NSW Health is scrambling to contain the impact of five new locally acquired COVID-19 cases as concerns are raised about the nation’s borders just a week before Christmas.
The state broke its 12-day streak without locally acquired coronavirus cases on Dec. 16, after a Sydney airport driver was confirmed to have the virus and two mystery cases popped up on the northern beaches.
Seven venues on the northern beaches peninsula have been identified as places recently visited by an infected man and woman. People are queuing up at Mona Vale Hospital on Thursday to get tested for the virus. Since then two more cases were confirmed.
The latest outbreak has prompted concerns about whether the recently opened Queensland and WA borders will again be shut to people from NSW over Christmas.
WA Premier Mark McGowan didn’t rule out reimposing restrictions if further infections were detected in NSW, saying “if the advice comes back that we need to put up a hard border, then we will.”
Acting Queensland Premier Steven Miles said the government was not considering fresh border restrictions “at this stage,” saying the next 48 hours would be important.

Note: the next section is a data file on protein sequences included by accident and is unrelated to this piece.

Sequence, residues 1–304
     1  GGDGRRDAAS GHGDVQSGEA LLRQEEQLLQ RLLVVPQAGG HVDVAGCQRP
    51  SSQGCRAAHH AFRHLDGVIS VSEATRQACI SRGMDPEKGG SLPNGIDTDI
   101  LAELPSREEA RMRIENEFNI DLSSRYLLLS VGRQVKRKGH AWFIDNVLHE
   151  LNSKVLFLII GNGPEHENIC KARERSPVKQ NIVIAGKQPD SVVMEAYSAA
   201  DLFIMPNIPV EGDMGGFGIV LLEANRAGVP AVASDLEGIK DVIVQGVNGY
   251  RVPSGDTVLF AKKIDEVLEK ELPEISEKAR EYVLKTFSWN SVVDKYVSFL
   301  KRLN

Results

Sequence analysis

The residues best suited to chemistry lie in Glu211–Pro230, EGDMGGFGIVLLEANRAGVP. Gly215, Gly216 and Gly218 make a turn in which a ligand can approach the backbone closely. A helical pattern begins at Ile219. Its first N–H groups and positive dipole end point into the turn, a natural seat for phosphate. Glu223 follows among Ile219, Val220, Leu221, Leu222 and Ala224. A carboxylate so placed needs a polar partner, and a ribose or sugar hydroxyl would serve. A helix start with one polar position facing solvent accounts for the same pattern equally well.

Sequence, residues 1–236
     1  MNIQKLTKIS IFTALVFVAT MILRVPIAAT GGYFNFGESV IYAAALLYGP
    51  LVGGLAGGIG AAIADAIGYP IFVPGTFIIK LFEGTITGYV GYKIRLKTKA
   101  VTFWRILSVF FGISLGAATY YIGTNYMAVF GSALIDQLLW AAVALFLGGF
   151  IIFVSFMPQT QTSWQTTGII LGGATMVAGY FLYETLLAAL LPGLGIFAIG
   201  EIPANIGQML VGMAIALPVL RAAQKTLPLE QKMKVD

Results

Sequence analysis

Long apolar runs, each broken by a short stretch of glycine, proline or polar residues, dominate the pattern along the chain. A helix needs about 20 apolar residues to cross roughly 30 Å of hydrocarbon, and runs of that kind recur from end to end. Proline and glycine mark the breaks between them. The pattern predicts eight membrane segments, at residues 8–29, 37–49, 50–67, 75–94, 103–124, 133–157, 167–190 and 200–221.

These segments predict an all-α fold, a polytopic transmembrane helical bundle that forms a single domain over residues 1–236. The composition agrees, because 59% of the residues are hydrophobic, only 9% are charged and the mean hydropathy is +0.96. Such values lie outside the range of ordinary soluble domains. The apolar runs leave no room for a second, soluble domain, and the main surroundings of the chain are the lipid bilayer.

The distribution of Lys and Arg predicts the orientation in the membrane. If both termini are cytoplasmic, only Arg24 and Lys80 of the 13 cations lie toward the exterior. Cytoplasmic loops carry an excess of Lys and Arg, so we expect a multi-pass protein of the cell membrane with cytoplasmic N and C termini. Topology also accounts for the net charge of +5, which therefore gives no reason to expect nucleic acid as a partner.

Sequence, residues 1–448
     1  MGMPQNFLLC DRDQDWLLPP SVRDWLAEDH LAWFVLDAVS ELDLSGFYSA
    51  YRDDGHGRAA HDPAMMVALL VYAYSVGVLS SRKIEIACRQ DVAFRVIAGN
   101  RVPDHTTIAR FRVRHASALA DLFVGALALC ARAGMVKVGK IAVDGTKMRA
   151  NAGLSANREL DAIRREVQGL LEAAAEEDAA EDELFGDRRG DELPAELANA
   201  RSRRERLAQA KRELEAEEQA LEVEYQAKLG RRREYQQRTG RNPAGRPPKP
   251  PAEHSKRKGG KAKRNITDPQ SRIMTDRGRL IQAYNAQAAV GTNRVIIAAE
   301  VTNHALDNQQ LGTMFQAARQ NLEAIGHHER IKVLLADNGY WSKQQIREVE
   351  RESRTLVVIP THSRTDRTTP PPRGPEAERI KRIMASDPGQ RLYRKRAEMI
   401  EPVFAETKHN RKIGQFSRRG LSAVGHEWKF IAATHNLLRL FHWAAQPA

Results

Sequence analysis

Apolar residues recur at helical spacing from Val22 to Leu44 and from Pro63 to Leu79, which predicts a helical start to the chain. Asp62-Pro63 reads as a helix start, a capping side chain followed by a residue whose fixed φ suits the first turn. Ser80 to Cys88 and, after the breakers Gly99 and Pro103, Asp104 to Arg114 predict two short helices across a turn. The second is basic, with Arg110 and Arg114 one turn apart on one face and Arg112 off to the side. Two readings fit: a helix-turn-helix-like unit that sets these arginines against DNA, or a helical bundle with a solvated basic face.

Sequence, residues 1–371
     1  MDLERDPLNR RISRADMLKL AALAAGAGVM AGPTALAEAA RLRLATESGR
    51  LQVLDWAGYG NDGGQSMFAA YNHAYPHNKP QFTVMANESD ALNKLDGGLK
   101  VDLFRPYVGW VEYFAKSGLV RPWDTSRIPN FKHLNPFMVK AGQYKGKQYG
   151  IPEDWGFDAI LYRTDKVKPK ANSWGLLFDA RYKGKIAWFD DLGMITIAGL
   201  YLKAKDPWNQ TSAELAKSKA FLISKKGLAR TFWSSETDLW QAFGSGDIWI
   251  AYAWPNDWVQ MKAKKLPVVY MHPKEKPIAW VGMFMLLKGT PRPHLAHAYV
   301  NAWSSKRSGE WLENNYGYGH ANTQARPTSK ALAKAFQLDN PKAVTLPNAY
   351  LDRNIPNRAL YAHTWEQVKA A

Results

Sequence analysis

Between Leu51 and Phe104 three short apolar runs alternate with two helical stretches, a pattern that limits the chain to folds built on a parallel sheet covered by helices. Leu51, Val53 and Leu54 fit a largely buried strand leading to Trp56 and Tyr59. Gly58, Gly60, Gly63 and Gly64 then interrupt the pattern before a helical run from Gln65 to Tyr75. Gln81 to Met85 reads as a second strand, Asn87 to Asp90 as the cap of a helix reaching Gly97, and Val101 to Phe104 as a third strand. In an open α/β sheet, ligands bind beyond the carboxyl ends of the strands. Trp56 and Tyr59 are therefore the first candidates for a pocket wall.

The northern beaches cases—a woman in her 60s and a man in his 70s—are close contacts of each other but authorities have not found a source for their infections.
Alerts are out for several areas in the northern beaches, particularly Avalon and Palm Beach, after the two moved through the community while contagious.
NSW Health is urgently undertaking genomic sequencing and contact tracing to stem the damage and identify the source of the infections. The genome sequencing results will be available on Thursday or Friday.
The cases were identified just hours after a 45-year-old driver transporting international air crew members to and from Sydney Airport and their hotels was confirmed COVID-positive.
NSW is considering changes to quarantining requirements for international air crew, the state’s Health Minister Brad Hazzard says.
NSW Chief Health Officer Kerry Chant told reporters on Wednesday the southwest Sydney man worked only with air crew members and was not involved in regular taxi services for the public. He also wore a mask while working.
But Hazzard said a stronger regime for international air crew members may be required to eliminate future risk – likely by placing air crew in full hotel quarantine until their flight back out of Australia.
While they do not have total liberty, air crew have more freedom of movement than returned travellers in hotel quarantine.
Hazzard said NSW may act unilaterally if the national cabinet cannot agree.
“Our inclination is to say to international air crews and airlines … crews coming in to NSW will most likely be required to quarantine in the same way as other international visitors,” the minister told reporters.
At least 2000 international air crew members touch down in Sydney each week, with turnarounds of up to 72 hours before flying out again.